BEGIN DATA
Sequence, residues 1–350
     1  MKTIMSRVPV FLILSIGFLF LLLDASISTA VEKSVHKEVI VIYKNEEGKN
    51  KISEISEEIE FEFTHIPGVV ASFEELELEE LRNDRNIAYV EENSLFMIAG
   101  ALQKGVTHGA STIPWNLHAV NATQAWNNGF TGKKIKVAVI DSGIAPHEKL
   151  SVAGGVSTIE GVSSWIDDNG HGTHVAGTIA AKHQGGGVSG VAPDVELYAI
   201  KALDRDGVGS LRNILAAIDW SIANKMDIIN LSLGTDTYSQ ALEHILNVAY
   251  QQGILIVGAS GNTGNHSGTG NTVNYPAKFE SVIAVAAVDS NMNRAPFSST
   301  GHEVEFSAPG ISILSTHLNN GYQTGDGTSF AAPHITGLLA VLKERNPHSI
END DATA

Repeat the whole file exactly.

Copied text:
Sequence, residues 1–350
     1  MKTIMSRVPV FLILSIGFLF LLLDASISTA VEKSVHKEVI VIYKNEEGKN
    51  KISEISEEIE FEFTHIPGVV ASFEELELEE LRNDRNIAYV EENSLFMIAG
   101  ALQKGVTHGA STIPWNLHAV NATQAWNNGF TGKKIKVAVI DSGIAPHEKL
   151  SVAGGVSTIE GVSSWIDDNG HGTHVAGTIA AKHQGGGVSG VAPDVELYAI
   201  KALDRDGVGS LRNILAAIDW SIANKMDIIN LSLGTDTYSQ ALEHILNVAY
   251  QQGILIVGAS GNTGNHSGTG NTVNYPAKFE SVIAVAAVDS NMNRAPFSST
   301  GHEVEFSAPG ISILSTHLNN GYQTGDGTSF AAPHITGLLA VLKERNPHSI